"Come on." He begins to direct me away from the bakery. I turn to see Peeta standing at the door, watching us recede. He smiles and waves at me, I shyly wave back and stumble slightly as Gale continues to pull me in the direction of the Seam. After finding my footing, I search again for Peeta, but he has closed the door and I, for the life of me, cannot understand why disappointment twists through me like a raging whirlwind. A loud gust of air pulls me out of my thoughts and Gale's grip tightens on my arm. We don't speak as we hurriedly walk back to the Seam, the wind is too strong and we spend a lot of our time battling against it. We stop outside my house and stand just before the wooden stairs leading up to my porch. "Stay indoors and I'll see you later," he smiles, thrusting one of the paper bags of bread into my arms. I notice the bread inside is still warm. There are no other people about and a loose window shutter clunks and squeaks loudly in time with the wind.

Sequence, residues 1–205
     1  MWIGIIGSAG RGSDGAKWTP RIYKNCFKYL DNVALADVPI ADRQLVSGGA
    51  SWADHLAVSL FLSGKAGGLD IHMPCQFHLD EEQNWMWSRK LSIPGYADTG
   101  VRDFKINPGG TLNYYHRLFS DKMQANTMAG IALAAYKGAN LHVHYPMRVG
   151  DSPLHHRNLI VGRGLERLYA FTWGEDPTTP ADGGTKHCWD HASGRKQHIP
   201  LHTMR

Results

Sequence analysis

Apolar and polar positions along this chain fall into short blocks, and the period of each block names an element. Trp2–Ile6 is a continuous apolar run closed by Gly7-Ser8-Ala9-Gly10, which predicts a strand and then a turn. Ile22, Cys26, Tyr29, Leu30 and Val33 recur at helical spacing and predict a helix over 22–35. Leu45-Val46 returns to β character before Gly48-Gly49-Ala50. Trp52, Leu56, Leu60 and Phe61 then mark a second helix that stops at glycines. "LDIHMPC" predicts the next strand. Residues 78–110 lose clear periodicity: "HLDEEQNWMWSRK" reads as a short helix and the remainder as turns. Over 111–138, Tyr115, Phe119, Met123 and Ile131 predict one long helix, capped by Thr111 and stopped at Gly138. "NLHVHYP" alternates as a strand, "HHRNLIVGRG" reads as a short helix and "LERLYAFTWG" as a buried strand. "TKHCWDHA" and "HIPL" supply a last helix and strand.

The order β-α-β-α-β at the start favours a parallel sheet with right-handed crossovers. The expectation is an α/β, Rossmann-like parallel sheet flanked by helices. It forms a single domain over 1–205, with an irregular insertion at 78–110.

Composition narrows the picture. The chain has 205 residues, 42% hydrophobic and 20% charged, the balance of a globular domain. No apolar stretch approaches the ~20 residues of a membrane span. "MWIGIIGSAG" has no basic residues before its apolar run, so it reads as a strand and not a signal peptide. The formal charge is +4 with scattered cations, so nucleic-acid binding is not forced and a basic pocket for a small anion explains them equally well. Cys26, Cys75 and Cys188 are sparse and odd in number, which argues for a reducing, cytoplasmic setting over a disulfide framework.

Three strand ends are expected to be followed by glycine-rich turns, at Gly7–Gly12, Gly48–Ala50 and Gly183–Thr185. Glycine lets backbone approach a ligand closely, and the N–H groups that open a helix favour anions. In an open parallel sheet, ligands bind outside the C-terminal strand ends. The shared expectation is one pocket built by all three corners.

"Stay safe," I shout as Gale walks away. He turns to look at me and smiles, gripping tightly onto his own bag of bread. Gale begins to jog towards his house and I watch until I lose sight of him. I take the wooden stairs quickly and open the rickety front door, knowing that Prim and my mother will be relieved to see me.